Beijing, Shanghai top China's well-being index

By Wei Tian (China Daily)
Updated: 2011-06-19 09:07
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BEIJING - Beijing, Shanghai and Tianjin topped the charts of a well-being index that is part of an academic report released on Saturday.

The report, published by the Beijing Normal University, is a review of the overall development of people's livelihood in China during the 11th Five-Year Plan (2006-2010). It carried out a quantitative analysis with a focus on each province.

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The survey included 30 provinces, autonomous regions and municipalities on the Chinese mainland, excluding Tibet, with data collected from public yearbooks released by various provincial authorities.

The key indicator, a well-being index, is calculated based on three main performances - livelihood standards, public services and social administration - and further divided into 13 categories.

Beijing tops the table with a well-being index of 0.739, followed by Shanghai at 0.635 and Tianjin at 0.536. The southwestern Guizhou province comes in last with only 0.200.

According to the result, the index is closely tagged to the economic development of the region, so the eastern coastal areas would still outperform the inland regions of the west.

Nine out of the top 10 provinces are from the eastern seaboard, while eight in the last 10 are from the west.

Beijing and Shanghai dominate the rankings in most of the sub-categories, including income level, education and infrastructure.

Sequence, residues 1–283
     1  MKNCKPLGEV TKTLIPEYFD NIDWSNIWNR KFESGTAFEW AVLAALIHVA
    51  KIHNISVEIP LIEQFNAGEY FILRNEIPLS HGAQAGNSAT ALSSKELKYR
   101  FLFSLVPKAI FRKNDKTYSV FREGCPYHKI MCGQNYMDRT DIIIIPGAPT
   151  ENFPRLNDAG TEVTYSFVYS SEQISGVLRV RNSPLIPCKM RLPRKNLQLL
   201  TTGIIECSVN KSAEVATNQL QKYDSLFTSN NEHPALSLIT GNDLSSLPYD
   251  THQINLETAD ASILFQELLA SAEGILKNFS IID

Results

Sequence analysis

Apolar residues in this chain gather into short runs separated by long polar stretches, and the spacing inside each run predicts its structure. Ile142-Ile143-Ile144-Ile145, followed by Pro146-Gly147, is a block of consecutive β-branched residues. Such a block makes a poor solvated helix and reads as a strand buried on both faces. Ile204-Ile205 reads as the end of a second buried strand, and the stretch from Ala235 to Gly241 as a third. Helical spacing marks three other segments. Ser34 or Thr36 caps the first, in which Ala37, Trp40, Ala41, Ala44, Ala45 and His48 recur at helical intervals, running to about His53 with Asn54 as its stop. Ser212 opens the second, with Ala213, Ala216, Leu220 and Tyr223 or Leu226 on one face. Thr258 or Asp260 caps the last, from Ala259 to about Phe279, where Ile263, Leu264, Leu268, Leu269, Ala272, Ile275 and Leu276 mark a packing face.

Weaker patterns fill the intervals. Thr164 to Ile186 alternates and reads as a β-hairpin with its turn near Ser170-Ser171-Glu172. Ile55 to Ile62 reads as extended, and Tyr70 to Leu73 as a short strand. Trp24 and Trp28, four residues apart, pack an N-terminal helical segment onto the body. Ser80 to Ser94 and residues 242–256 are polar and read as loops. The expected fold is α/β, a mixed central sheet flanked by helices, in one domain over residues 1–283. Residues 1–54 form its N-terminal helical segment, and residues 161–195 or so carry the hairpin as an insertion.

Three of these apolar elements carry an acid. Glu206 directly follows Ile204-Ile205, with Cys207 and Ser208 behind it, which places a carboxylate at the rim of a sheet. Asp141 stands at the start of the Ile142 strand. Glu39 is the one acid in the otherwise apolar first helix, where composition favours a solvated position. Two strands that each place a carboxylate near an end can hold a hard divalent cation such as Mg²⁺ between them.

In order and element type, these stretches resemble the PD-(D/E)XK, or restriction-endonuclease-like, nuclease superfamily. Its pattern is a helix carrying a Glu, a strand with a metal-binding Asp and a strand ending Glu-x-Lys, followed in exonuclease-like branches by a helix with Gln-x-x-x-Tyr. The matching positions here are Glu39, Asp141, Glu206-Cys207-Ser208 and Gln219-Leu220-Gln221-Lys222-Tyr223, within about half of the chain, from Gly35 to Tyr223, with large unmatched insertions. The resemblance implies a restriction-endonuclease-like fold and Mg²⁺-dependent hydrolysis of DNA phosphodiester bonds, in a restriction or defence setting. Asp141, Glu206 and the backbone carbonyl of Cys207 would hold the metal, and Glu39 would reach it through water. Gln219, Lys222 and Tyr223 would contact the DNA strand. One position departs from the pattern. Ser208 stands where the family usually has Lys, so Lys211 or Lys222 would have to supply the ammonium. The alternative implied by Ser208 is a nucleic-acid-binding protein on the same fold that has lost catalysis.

But both cities failed to make the list in housing and transport mainly because of over-heated property prices and over-crowded and congested roads.

Guangdong province has the highest GDP, according to the 2010 statistics, but only came in 6th in the overall rankings, hindered mainly by its weak social security and housing support.

Jiangsu and Zhejiang ranked high because of their balanced development, while the northeastern provinces have the best social security systems, according to the report.

Xinjiang Uygur autonomous region ranks No 1 in social security system and Inner Mongolia tops the "Environment Improvement" list.

"Some results may be quite different from our initial impressions," said Wang Hongxin, deputy head of the Government Management School of the BNU.

He said the report aimed to provide a reference for decision-makers evaluating the performance of local governments that is less skewed toward only GDP performance.

But there was still room for improvement, according to Ren Yuling, counselor of the State Council, who noted that it was the first quantified indicator of its kind.

"Just giving an index and rankings lack credibility. There should be more case studies to support the result. People's livelihood cannot be simply measured in numbers and figures," Ren said.

Wang said the report is an ongoing project, with further studies to be conducted and more details revealed in next year's update.

His department is also considering partnering foreign research institutes to optimize results in future.